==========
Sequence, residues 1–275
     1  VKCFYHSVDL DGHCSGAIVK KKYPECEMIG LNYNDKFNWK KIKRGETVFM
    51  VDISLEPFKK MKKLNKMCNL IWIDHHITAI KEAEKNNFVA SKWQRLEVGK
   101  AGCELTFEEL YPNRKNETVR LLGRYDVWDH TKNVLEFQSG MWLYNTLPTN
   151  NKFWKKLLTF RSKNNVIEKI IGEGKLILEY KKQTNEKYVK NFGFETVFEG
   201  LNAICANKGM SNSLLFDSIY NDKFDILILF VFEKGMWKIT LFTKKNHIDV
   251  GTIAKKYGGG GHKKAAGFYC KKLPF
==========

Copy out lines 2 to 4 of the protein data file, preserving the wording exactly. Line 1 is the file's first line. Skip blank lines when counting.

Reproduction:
     1  VKCFYHSVDL DGHCSGAIVK KKYPECEMIG LNYNDKFNWK KIKRGETVFM
    51  VDISLEPFKK MKKLNKMCNL IWIDHHITAI KEAEKNNFVA SKWQRLEVGK
   101  AGCELTFEEL YPNRKNETVR LLGRYDVWDH TKNVLEFQSG MWLYNTLPTN